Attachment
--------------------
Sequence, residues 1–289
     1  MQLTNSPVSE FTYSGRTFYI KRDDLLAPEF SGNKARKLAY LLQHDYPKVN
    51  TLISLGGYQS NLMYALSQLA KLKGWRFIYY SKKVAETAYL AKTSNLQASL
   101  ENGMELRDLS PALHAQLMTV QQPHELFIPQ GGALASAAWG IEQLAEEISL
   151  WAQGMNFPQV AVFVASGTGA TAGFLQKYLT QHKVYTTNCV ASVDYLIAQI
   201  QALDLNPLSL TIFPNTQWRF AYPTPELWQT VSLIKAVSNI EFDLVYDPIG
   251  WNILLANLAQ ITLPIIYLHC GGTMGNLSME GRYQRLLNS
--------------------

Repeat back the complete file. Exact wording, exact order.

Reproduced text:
Sequence, residues 1–289
     1  MQLTNSPVSE FTYSGRTFYI KRDDLLAPEF SGNKARKLAY LLQHDYPKVN
    51  TLISLGGYQS NLMYALSQLA KLKGWRFIYY SKKVAETAYL AKTSNLQASL
   101  ENGMELRDLS PALHAQLMTV QQPHELFIPQ GGALASAAWG IEQLAEEISL
   151  WAQGMNFPQV AVFVASGTGA TAGFLQKYLT QHKVYTTNCV ASVDYLIAQI
   201  QALDLNPLSL TIFPNTQWRF AYPTPELWQT VSLIKAVSNI EFDLVYDPIG
   251  WNILLANLAQ ITLPIIYLHC GGTMGNLSME GRYQRLLNS